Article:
I have since learned that growth is a mental obstacle you overcome and not just a physical accomplishment you attain. Coach William Furcron, my senior high school coach, was very instrumental in my athletic career. I thank him for all that I learned from him. He was a true mentor, a man that only wanted the best for a young black athlete growing up at such a difficult time. To coach boys, a gentle giant, who with a paddle in his hand could improve your twitch and your quick get off. I still feel some of the things he was trying to tell me (smiling).
I've been around a lot of great athletes. Time will not allow me to single you out, but you know who you are. And I want to thank you from the bottom of my heart for the opportunity I've had to be around and associate with you.
Many thanks to my high school teachers. They helped me pave life's way. The Dudley High School Panthers are represented here today. I thank my teammates for their continuous love and support. To the University of Minnesota, a place that provided me with the opportunity to understand that race was not on the forefront of everyone's mind, where the color of your skin would not determine where you started nor how you finished.
To Murray Warmath, more of a father than a coach. 94 years young and my first head college coach. He believed in me and my potential. Coach, you have all my love and support. Some greatest assistant coaches, Coach Bossons and Coach McGhee are here today. I thank you for everything you contributed.
To a tremendous class, memories of the 1967 Big 10 championship team, some 20 plus strong here today, celebrating the 40th anniversary of that championship. I really thank you guys for coming down and making this part of that celebration. My love forever.
Minnesota, a place where I met Georgianna, the mother of my children. The greatest, hardest working mother I've ever seen. I cannot stand here and say that as a professional athlete I did not take time away from my family. I want to thank you, Georgi, for your heartfelt support. All of this was made possible because of you, and I thank you for that.
All of my children, and I mean all of my children, please enjoy this moment knowing that I love you very much. To Lee, Angela, we love you both. To Mya, Charese, Mary Jo, baby Georgi, Charlie, Natalie, Talissa, Wayne and Jordan. Please know that your mother and I are very proud of you and we love you.
To Mr. William Clay Ford, the man who I've known for almost 40 years, a man I came to respect one on one, man to man, for what he's done for the city and what he's contributed to the automotive industry. A hard working owner that deserves to bring a championship to the fans of the city of Detroit. For those dreams he's had haven't happened yet, it by no means takes away from him as an owner, as a human being, as a man.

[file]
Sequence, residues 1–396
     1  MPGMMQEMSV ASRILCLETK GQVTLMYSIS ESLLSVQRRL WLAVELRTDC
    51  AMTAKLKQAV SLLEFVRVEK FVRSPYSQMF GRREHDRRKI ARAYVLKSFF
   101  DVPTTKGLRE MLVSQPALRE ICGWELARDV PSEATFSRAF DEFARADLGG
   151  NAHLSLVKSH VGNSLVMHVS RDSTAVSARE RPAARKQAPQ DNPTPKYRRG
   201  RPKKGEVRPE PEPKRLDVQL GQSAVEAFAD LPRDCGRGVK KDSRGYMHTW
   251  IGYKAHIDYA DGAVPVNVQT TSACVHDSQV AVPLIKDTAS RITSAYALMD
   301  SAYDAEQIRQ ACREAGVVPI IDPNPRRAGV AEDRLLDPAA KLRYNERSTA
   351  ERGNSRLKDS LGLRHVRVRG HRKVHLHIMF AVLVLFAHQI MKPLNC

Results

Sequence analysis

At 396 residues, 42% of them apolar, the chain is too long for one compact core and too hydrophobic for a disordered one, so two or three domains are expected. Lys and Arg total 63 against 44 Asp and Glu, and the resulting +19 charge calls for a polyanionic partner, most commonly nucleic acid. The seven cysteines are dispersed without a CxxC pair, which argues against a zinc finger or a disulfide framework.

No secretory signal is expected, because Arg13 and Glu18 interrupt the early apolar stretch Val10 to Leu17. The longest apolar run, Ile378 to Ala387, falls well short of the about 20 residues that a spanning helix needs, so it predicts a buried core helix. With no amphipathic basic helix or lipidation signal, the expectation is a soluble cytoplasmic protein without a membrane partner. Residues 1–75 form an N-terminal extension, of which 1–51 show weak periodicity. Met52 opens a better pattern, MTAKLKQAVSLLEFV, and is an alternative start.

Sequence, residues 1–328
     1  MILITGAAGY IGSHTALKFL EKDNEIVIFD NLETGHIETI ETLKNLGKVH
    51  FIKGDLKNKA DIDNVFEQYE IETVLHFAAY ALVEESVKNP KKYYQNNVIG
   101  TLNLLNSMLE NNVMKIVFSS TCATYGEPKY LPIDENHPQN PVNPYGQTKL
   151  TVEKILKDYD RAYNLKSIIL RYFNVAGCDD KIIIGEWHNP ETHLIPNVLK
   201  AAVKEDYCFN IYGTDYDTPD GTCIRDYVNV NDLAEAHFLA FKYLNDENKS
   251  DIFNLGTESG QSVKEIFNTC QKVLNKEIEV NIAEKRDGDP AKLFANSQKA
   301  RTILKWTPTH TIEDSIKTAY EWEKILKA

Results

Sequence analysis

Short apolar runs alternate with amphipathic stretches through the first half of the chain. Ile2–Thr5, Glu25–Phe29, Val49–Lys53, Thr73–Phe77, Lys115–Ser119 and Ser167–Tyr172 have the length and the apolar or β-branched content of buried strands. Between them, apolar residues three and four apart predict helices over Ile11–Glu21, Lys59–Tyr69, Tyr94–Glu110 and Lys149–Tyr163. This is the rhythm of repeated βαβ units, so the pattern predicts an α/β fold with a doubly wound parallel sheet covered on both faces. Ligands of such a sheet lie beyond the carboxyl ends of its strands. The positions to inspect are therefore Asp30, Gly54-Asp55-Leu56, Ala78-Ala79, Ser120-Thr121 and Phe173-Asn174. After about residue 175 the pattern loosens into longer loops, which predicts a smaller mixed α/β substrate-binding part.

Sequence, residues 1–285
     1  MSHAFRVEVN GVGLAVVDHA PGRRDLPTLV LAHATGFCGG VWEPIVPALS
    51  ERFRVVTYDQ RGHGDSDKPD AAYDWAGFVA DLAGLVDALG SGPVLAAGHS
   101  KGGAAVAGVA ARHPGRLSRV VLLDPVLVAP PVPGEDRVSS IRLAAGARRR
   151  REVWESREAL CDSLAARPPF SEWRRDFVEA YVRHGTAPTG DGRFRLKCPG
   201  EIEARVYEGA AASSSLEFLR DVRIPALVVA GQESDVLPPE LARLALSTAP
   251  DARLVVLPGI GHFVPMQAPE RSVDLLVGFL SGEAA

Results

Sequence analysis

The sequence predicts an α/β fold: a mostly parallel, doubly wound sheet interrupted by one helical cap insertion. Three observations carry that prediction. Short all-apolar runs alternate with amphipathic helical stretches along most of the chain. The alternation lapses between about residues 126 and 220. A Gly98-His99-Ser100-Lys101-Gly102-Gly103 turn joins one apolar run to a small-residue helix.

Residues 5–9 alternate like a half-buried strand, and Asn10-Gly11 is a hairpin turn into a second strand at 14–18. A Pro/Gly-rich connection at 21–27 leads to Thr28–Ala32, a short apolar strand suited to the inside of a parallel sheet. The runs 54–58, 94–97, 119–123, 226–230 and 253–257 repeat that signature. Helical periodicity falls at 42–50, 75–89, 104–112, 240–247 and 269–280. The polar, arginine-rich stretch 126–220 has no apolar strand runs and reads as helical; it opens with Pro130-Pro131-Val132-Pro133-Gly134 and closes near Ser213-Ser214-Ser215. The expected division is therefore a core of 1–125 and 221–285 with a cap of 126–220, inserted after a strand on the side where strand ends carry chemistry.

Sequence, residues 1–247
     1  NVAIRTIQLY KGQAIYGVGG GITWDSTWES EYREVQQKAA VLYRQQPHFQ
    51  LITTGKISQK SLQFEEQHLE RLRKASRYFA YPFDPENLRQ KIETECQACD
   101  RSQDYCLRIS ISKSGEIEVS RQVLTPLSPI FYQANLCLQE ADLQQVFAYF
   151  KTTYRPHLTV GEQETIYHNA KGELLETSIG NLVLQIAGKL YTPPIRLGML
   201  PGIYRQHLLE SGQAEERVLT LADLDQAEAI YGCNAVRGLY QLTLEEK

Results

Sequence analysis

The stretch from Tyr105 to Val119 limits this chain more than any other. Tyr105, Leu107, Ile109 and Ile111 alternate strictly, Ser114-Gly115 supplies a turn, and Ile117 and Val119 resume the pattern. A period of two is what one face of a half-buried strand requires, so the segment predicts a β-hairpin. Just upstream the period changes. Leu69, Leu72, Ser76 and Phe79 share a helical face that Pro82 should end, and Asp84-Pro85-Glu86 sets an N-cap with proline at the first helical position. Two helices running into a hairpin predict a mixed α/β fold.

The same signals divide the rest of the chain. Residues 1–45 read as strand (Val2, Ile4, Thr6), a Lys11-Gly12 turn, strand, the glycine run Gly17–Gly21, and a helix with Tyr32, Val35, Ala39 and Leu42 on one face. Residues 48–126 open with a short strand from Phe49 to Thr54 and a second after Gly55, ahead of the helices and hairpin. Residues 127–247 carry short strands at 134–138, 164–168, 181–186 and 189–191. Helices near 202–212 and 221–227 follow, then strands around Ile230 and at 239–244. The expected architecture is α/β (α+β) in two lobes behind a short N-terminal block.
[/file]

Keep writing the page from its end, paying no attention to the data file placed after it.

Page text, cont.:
It is for reasons like that that I asked him to present me and enshrine me into the Hall of Fame. I respect him, his wife, and his family. And this includes the Detroit Lions organization, the greatest organization in the league. I am proud to have almost 40 years of commitment to the Ford family and the Detroit Lions organization. It has truly been a blessing to remain in this one place all this time and have the love and support I've been shown.
I want to give very special thanks to my pro coaches Joe Smith, Rick Fasano, countless others, Wayne Fontes, my very good friend. I believe Detroit has the greatest fans in the NFL, and I long for a championship just like you. I will continue to support the Detroit Lions forever. Thank you for accepting me and my family into your city, your sports town, your community, and hopefully into your hearts.
I am not that self proclaimed Hall of Famer who desired to be in sports. I am a guy that liked a challenge, and challenged myself with the understanding that winning is finishing. To my fellow brothers in the NFL, pre, during and some post players, that I have put the nails in the house that I had the opportunity to play in, I thank you for your sacrifice. I wrote a poem in 1976 that I think is fitting for my brothers.
I realize that I was mentally preparing for a season that my body did not want to cooperate with. The poem is called, The NFL: Just Passing Through.
Here today, gone tomorrow. If you don't accept it, it's a life of sorrow. Trying to use our God given talent, being brave like a knight, bold and gallant. Those who can make it feel lucky indeed. It's God's own way of letting you succeed. Our efforts we extend in hopes to win. Some play their hearts, others just pretend. So give your all and nothing less. Today we win, tomorrow we rest. You're not just my teammate, but my very best friend. Let's play together until the end. Today we hang together, just you and me. For tomorrow is a day we may never see.
Earlier I said that my life was written by the one I hold the highest. Like most, I question the bad and I take in the good. There have been times that I have looked back at my life and asked, What if? What if I could change one, two, maybe three things without disturbing the whole picture? What would that be?
You haven't heard me mention anything about the one person who was very important in my life: my mom. My daughter Shareese came up to me in Cleveland as we prepared to go to a fight by my daughter Mary Jo. She said, Dad, thanks for being my dad because if you were not, we wouldn't be able to go to places we go and do the things we do.
Without hesitation I looked at her and I said, Don't thank me, thank your grandmother. She said, But, dad, I don't know my grandmother, I never have. My response, That's just my point.
You see, my brothers and I lost my mother when I was only two. Of all the things I've done in football, and there have been a lot, there's one thing that I really, really regretted. Many times I've seen athletes, college, professional, often look into a television and say, Hi, mom. I always thought that was special and always something I'd want to do but couldn't.
So I take this time right here, right now in Canton, Ohio, at the Pro Football Hall of Fame to say, Hi, mom. Thank you for the ultimate sacrifice. This day belongs to you, for it was written. I want to thank you all enjoying the best day of my life and may God bless you.